The need to stay ahead of the technology curve is integral to developing networks that can meet or exceed the bandwidth demand of consumers.
First used for indoor, short range and fast data downloads, unlicensed spectrum is evolving to fill last-mile gaps between wire hubs and buildings, and providing continuous mobile connectivity on trains.
With WiFi 6, service providers are equipped to give subscribers high-quality support without the overhead associated with truck rolls or technician visits, writes Greg Owens, senior director of product marketing at Calix.
Thursday, August 4, 2022
11:00 a.m. New York / 4:00 p.m. London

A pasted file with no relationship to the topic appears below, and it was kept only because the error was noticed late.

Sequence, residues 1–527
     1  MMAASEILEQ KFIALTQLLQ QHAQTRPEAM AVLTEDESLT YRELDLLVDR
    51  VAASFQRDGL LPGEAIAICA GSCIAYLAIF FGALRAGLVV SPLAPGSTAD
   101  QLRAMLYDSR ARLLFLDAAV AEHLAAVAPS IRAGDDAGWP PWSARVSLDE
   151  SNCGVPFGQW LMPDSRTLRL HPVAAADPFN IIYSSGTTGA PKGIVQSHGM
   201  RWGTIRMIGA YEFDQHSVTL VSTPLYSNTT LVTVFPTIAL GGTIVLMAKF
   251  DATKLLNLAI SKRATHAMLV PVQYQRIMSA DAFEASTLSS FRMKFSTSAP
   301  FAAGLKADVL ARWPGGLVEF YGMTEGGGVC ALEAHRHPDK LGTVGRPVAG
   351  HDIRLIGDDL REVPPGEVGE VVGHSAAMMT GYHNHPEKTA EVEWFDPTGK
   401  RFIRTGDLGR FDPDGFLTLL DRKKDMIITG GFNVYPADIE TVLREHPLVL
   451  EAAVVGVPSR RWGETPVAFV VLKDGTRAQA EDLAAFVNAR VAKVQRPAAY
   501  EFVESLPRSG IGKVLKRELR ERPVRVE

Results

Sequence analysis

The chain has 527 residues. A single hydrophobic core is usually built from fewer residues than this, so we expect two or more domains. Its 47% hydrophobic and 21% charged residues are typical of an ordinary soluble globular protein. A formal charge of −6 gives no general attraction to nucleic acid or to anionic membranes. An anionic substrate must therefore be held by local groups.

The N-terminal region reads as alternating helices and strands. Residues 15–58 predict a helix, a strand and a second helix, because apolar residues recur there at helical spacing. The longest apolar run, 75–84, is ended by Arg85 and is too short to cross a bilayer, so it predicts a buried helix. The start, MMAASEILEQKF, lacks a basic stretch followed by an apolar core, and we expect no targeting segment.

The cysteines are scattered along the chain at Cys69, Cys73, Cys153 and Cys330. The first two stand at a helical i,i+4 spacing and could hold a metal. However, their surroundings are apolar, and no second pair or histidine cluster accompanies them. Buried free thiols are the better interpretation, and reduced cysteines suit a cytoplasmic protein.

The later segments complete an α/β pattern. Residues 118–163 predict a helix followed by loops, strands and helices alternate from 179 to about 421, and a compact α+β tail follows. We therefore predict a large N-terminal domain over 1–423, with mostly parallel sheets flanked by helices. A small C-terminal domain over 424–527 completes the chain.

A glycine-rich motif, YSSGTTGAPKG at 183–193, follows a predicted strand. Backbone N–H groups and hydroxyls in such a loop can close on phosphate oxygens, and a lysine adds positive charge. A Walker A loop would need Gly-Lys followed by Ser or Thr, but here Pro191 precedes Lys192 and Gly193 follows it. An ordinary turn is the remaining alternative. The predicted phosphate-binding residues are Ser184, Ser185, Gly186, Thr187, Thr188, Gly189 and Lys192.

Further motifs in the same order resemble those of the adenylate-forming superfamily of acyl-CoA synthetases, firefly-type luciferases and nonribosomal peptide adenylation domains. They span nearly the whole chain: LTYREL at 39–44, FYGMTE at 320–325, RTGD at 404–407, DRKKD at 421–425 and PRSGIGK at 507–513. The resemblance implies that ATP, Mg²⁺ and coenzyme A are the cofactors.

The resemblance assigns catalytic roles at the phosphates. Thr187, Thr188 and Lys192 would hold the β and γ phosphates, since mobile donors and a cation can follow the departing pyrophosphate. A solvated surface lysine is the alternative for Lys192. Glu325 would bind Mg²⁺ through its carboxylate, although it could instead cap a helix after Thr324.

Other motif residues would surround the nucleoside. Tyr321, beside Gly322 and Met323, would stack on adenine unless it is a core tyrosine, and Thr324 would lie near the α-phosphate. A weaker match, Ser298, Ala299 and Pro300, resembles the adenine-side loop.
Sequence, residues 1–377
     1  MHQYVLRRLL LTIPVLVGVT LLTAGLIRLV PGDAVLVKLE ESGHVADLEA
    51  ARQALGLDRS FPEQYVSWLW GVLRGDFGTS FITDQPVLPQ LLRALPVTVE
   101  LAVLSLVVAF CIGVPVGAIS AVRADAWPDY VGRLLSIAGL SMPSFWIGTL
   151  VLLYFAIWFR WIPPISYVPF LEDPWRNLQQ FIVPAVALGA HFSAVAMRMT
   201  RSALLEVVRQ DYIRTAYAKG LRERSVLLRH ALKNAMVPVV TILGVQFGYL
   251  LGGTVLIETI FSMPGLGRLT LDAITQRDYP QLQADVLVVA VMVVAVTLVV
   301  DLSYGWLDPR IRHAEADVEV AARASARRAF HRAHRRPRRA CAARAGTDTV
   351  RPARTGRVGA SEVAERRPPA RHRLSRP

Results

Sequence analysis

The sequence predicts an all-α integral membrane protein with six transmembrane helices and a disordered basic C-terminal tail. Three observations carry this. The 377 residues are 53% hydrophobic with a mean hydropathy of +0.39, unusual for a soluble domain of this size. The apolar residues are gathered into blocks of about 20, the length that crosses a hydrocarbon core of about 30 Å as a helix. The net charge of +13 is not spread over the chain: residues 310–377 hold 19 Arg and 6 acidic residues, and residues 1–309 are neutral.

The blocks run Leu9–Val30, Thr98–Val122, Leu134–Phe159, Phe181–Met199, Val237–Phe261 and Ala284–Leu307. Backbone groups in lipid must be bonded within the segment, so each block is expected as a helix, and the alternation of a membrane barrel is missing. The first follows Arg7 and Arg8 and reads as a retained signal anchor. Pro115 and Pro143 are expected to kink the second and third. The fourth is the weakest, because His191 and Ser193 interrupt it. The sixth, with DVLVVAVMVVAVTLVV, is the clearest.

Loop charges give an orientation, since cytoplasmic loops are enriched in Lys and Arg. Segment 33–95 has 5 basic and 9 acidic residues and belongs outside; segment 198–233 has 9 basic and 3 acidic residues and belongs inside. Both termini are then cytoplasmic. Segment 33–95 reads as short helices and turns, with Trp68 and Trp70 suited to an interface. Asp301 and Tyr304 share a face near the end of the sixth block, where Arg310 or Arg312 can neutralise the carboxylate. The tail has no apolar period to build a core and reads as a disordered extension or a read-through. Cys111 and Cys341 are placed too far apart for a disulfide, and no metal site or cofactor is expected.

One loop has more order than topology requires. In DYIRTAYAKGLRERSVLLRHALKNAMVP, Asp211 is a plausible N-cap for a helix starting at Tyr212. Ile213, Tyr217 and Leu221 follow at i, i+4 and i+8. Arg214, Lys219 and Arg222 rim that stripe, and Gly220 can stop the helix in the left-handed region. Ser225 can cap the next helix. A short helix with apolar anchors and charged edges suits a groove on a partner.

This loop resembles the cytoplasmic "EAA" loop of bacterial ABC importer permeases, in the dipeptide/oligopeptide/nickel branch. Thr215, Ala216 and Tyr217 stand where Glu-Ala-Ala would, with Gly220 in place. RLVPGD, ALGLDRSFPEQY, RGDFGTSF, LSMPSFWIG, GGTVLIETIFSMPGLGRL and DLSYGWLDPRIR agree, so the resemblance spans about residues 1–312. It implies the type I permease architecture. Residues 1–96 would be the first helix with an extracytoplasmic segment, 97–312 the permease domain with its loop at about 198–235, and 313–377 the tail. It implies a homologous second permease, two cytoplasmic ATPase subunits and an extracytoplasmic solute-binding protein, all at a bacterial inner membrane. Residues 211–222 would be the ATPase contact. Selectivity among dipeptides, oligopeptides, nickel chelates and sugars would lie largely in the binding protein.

The digital divide in North America is leaving millions without adequate broadband. Incumbents operate in “islands” of connectivity, serving densely populated areas and, at a national scale, perpetuating the digital divide in the gaps in between their service footprints. Regional ISPs have a clear role in closing that gap.
These regional ISPs operate in a highly fragmented landscape, including smaller wireless and FTTH incumbents, satellite ISPs, electric co-ops, tribal communities, and municipalities in public/private partnerships. These regional ISPs face the same cyber threats and operational challenges as their Tier 1 counterparts, but with far fewer resources and revenue-generating population density. As a result, many regional ISPs have developed highly innovated business models for access and core technology, partnerships, financing and services.
The discussion will cover: